• Currently, every day there are new cases and deaths occurring in America and other countries. If this continues to spread it may turn into a pandemic, which has the potential to profoundly affect all our lives.  
  • It is possible that as the weather warms up the virus will become less infective, but it could then potentially resurge in fall.

The infection causes a cough, fever, myalgias (muscle aches) and possibly a sore throat. 80% of infections will be mild, 20% possibly more severe causing a viral pneumonia for which there is no effective treatment other than supportive care. Anti-viral medications do not seem to have been helpful thus far, and a safe and effective vaccine is probably a year away.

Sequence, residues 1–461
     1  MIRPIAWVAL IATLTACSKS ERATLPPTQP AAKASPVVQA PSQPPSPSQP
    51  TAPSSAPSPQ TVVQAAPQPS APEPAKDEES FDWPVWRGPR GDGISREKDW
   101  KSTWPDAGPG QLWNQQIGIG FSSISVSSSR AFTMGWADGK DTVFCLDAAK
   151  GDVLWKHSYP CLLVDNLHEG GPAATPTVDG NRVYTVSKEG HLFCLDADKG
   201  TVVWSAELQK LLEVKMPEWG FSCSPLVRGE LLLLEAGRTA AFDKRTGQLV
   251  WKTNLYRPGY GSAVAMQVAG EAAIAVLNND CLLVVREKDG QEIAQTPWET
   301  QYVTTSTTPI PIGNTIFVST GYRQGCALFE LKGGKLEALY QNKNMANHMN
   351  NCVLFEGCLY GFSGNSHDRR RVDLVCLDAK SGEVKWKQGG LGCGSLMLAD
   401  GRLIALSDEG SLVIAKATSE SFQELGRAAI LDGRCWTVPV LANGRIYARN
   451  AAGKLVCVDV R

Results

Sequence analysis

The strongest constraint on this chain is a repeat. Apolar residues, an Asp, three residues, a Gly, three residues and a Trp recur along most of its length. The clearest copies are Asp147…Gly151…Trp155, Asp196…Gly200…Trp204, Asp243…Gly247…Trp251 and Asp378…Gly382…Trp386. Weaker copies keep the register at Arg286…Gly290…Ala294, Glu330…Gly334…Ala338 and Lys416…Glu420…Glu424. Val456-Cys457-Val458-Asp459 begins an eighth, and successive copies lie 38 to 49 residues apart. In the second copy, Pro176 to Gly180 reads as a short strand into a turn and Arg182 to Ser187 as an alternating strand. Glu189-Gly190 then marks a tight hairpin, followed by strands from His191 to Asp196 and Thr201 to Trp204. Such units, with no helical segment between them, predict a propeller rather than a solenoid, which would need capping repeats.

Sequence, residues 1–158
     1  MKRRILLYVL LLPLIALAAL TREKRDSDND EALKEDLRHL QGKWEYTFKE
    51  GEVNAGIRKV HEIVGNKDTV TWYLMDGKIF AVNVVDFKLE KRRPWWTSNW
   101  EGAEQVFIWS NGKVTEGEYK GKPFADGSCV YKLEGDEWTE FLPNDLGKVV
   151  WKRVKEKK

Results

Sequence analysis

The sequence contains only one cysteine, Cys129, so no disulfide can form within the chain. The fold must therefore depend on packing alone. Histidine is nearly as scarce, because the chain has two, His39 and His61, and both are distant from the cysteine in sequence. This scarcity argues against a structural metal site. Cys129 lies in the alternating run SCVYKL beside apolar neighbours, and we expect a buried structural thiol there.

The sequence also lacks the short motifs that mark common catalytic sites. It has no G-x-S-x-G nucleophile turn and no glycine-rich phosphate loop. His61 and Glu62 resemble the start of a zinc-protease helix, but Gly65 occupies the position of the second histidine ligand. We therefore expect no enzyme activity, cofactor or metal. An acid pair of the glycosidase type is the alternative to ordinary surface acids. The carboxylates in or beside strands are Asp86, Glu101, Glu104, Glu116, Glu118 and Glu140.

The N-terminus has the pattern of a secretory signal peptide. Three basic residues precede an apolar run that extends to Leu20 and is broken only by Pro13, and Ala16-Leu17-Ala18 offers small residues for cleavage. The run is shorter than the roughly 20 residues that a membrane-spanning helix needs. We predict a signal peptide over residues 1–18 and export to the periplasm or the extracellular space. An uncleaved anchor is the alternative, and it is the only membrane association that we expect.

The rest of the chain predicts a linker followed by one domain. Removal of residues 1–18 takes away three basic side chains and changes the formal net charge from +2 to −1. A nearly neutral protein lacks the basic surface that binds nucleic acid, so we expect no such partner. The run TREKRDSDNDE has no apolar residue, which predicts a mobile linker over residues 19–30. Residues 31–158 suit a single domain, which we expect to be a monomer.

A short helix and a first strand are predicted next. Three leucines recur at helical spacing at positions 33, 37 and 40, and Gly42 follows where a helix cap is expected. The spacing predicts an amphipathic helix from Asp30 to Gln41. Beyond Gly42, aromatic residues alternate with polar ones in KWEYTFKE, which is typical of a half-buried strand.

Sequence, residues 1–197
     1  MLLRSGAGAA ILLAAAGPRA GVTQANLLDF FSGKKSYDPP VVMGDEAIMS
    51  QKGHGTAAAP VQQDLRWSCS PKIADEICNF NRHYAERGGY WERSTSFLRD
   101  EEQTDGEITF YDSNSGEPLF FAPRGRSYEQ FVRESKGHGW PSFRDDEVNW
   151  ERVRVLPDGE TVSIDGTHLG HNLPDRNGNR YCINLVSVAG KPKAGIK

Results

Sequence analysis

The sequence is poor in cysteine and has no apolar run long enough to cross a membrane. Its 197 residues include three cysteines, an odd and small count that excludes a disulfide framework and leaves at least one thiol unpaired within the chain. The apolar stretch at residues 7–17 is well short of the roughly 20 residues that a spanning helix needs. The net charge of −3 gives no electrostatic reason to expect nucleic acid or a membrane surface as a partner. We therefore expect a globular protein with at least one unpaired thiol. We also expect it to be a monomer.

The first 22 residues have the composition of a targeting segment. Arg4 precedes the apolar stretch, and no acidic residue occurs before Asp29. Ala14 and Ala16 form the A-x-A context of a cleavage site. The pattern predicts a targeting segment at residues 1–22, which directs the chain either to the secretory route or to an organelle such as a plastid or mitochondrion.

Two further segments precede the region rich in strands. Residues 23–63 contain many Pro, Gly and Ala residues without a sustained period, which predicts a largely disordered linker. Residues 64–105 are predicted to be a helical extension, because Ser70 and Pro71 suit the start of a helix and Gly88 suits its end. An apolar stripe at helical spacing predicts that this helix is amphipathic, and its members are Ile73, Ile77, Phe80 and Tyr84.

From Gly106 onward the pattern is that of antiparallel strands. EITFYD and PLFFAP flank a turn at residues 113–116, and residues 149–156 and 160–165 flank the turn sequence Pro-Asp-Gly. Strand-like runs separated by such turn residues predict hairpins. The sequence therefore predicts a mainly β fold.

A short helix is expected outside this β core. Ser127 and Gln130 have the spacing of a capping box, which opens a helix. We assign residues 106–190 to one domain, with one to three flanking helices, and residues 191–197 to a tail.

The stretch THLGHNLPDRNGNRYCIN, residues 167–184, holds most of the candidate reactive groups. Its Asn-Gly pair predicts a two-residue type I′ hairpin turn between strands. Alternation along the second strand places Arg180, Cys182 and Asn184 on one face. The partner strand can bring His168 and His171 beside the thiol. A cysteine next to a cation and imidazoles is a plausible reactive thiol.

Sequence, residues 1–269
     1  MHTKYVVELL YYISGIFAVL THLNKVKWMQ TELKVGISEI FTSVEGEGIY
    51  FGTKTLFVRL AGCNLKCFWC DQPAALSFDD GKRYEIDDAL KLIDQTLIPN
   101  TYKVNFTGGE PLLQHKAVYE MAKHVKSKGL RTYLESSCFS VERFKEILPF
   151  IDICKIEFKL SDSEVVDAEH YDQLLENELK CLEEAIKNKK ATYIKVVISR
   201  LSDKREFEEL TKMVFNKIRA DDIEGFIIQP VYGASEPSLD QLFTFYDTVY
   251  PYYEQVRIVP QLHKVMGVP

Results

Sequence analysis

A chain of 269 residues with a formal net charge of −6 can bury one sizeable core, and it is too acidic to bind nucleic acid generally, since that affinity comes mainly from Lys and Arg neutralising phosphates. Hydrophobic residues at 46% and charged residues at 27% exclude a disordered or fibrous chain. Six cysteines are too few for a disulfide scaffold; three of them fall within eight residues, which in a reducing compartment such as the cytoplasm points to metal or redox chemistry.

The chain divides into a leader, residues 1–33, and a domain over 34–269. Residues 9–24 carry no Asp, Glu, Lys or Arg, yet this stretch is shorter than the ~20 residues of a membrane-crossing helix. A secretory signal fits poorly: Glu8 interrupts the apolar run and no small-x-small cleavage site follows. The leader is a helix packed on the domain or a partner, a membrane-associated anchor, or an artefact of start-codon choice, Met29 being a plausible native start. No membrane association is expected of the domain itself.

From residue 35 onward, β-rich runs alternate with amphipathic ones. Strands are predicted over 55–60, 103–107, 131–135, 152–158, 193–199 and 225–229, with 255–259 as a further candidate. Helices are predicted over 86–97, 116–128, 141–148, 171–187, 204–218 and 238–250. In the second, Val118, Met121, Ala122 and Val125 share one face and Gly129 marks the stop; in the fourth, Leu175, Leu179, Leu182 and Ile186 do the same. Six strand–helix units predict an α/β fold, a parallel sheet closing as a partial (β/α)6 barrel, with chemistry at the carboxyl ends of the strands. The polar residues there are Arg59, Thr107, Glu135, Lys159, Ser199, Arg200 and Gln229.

The virus is spread from coughing and being on surfaces of objects that are touched, so it gets onto our hands and easily infects us especially when we touch our faces-eyes, mouth and nose.


We may not be able to keep this from becoming a global pandemic, but the more we can all do to slow the spread of the virus the less severe the impact will be.

  • Stay calm but take it seriously. This is likely to become more serious, but it’s not the apocalypse.
  • Stay home if you or someone in your home is sick. If you become infected, the best way to prevent the infection from spreading is to isolate yourself from non-contaminated people. This prevents the virus from replicating and continuing to spread through the community.